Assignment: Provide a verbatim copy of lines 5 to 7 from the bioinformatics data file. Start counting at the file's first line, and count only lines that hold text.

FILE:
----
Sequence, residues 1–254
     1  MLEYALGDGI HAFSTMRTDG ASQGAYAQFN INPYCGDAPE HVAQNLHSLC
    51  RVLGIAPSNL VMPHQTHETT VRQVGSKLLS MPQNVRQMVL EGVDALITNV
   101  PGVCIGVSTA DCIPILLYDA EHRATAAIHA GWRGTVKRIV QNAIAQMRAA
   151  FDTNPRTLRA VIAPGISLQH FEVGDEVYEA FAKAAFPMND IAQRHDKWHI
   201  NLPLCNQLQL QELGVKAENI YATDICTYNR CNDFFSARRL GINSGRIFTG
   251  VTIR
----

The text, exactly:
   151  FDTNPRTLRA VIAPGISLQH FEVGDEVYEA FAKAAFPMND IAQRHDKWHI
   201  NLPLCNQLQL QELGVKAENI YATDICTYNR CNDFFSARRL GINSGRIFTG
   251  VTIR